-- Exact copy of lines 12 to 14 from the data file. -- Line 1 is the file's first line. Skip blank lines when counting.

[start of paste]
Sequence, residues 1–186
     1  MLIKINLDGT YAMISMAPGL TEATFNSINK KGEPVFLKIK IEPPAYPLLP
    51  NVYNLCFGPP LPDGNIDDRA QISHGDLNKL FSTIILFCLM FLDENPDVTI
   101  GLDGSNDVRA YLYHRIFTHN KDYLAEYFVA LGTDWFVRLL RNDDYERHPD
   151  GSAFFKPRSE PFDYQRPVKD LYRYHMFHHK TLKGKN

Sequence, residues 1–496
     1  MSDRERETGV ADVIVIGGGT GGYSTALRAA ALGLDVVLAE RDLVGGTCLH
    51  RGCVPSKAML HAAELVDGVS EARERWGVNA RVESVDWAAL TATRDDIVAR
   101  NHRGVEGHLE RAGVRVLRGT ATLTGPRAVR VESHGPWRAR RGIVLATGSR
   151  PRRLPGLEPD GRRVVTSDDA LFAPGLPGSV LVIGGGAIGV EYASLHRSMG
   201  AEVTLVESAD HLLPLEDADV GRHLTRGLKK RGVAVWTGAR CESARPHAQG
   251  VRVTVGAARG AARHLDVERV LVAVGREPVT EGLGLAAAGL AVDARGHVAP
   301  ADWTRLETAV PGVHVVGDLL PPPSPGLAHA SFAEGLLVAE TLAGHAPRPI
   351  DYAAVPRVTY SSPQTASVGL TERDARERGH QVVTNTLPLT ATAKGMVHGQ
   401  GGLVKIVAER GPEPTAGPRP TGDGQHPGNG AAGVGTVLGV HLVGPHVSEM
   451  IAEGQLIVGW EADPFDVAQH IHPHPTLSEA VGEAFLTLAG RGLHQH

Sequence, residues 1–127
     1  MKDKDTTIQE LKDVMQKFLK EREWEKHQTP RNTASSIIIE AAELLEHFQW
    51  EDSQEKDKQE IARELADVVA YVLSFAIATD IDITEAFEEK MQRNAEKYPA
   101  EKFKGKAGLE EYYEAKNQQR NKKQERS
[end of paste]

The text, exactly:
   251  VRVTVGAARG AARHLDVERV LVAVGREPVT EGLGLAAAGL AVDARGHVAP
   301  ADWTRLETAV PGVHVVGDLL PPPSPGLAHA SFAEGLLVAE TLAGHAPRPI
   351  DYAAVPRVTY SSPQTASVGL TERDARERGH QVVTNTLPLT ATAKGMVHGQ